The Lost Art Of Reading: Why Books Matter In A Distracted Time, by David L. Ulin
Consider this book a manifesto in support of reading literature. The author demonstrates his passion for fiction by writing about reading literature ranging from the familiar (The Great Gatsby) to the utterly obscure and forgotten literature written by people whose early promise was wasted in drug and alcohol addiction. The author writes with a great deal of passion and also clearly a great deal of knowledge about reading, gained from a lifetime of experience. Perhaps best of all for most of the readers of this short book or long essay (at about 150 quarto sized pages), the author shows that he is not a Luddite blaming e-books for the difficulties in reading but points out that our general push towards technology and the illusion of multi-tasking has been large responsible for a decline in the ability of people to take the sustained focus that reading requires, and that allows for deep thought. In commenting about these matters the author draws a connection between the distractedness of society in our contemporary society and the decline in civility towards people who think and believe differently from we ourselves. The author’s examples, by and large, betray him to be a decadent sort of person, if entertaining to read.
The contents of this book are based on an essay that was originally published in the Los Angeles Times in 2009, and consists of a long and rambling approach to literacy that contains occasional flashes of brilliance. The author is to be praised for writing an essay in which he attempts to grapple with something, namely the stakes of the changes of brain chemistry and habit resulting from a rejection of the written word, that he does not completely understand. One gets the sense, reading this material, that the author’s reason for celebrating literature is primarily aesthetic in nature, providing an opportunity for those with a liberal arts approach to feel somewhat snobbish towards those of a more utilitarian bent, which is likely why the author praises the reading of literature and not the reading of nonfiction writing, some of which is written with considerable skill and elegance as well. One wonders, in this light, who the author is trying to convince–certainly he wishes to reassure those who think like he does, and could likewise also be considered aesthetes and snobs of a particularly literary bent, but it also seems as if the author is trying to convince himself that the sort of reading he most enjoys gives him a certain edge in thinking that those who do not enjoy lack. Unfortunately, it does not appear as if the author has any interest in dealing with the moral questions of literacy or appealing to those on the opposite side of the cultural divide from where he stands, including those who might be natural allies in favor of literacy and the power of the written word, but who could take offense with the author’s obvious cultural political bias.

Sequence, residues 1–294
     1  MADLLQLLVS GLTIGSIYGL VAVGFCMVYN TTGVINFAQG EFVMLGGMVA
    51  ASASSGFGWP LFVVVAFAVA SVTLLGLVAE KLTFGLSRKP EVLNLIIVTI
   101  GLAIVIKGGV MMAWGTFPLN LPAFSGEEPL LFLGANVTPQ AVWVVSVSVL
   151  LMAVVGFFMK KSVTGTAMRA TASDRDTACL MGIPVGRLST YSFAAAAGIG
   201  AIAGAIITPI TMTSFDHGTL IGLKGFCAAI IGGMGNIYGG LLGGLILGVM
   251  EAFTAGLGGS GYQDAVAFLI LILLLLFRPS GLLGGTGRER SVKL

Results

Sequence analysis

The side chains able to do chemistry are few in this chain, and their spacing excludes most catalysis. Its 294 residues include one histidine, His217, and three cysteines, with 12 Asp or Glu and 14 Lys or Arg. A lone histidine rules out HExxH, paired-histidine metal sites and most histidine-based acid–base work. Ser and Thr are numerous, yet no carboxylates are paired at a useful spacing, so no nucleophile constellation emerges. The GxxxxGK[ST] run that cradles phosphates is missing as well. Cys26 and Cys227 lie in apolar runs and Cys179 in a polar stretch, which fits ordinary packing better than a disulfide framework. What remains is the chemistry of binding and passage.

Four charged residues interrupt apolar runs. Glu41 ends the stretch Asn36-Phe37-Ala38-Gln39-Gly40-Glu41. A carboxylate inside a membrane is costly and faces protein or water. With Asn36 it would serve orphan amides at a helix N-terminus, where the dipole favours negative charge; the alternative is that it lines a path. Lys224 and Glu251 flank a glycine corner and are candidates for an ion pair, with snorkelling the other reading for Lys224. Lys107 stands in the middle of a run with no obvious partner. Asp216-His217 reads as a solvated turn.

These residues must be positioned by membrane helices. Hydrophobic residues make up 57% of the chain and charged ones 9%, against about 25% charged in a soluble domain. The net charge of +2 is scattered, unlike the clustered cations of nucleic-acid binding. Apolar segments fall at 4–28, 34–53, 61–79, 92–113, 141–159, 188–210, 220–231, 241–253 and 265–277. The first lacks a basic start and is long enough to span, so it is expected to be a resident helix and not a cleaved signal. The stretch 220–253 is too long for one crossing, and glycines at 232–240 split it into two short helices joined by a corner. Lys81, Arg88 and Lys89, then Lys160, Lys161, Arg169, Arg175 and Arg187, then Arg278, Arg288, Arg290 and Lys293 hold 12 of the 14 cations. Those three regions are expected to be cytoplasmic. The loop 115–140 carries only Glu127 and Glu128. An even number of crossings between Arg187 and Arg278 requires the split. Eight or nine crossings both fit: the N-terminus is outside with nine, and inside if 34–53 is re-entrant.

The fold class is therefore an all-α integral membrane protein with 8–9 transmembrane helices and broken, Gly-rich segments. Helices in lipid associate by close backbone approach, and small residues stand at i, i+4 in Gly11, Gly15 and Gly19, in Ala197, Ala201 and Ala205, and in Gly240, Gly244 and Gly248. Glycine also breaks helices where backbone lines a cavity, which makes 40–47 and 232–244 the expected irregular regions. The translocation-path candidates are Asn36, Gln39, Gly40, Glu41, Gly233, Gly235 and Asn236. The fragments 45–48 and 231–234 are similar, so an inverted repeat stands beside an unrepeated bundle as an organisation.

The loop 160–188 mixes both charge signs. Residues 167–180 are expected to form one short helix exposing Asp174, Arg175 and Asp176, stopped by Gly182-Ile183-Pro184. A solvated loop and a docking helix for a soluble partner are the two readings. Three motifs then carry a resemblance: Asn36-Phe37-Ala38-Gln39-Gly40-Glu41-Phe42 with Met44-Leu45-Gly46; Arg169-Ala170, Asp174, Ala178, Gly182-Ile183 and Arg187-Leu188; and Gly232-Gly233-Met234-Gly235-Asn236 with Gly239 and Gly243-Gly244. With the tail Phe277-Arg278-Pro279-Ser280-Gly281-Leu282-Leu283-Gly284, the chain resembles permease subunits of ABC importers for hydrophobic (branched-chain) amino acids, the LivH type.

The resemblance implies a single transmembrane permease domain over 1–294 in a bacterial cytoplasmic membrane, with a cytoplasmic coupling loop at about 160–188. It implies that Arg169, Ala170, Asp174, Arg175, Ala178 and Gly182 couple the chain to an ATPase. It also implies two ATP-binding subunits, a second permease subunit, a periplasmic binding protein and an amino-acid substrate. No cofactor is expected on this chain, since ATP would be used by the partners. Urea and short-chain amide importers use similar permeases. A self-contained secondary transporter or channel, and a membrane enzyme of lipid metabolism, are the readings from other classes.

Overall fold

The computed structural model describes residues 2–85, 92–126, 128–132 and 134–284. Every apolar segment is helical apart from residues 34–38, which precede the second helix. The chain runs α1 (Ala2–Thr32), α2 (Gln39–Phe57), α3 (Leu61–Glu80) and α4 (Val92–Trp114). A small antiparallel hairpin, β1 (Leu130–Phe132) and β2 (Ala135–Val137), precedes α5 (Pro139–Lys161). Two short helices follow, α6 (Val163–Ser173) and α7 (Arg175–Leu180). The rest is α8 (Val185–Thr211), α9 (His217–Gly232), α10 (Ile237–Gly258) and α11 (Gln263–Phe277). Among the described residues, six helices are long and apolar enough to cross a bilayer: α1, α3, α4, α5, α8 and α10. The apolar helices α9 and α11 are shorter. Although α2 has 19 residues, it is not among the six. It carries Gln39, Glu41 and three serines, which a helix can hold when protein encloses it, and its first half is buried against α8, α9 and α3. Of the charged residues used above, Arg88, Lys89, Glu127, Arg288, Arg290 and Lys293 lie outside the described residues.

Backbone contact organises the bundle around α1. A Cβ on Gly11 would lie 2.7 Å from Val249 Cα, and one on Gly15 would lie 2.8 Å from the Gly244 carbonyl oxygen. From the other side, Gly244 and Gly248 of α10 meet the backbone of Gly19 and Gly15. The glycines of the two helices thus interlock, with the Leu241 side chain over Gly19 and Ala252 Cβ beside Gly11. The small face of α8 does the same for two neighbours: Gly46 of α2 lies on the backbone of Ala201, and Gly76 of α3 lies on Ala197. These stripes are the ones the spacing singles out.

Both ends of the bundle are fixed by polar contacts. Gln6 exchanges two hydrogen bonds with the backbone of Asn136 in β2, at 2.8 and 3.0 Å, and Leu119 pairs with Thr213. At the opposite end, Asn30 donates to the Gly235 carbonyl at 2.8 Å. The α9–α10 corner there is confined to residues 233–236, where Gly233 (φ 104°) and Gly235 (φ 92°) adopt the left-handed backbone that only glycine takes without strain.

The author is to be praised for his honesty in considering the reading of literature to be a revolutionary act . Not everyone would wish to endorse or sign up for the sort of revolution that the author wishes, a freedom from restraint, at best a libertarian ideal, and at worst the sort of decadence that passes for culture in our contemporary age. This honesty likely results from the fact that like many authors, he apparently assumes that those who would take the time to read are likely to agree with him. The author apparently cannot conceive of immensely literary and literate people who take the time to read books who come to vastly different conclusions about how this world ought to be. And so a reader may profit from this book even where he does not agree with its perspective, mainly in understanding how a well-read gentleman can seek to encourage a love of literature in his teenage son, and how he can appreciate the conversations with literature that take place online, even if he finds that many e-readers and their lack of choices of fine books to download sometimes leave him cold, and even if the general trend of society leads the author to wonder if reading has been abandoned by enough people to leave a society incapable of having what the author considers to be deep and meaningful opinions and judgments and worldviews.
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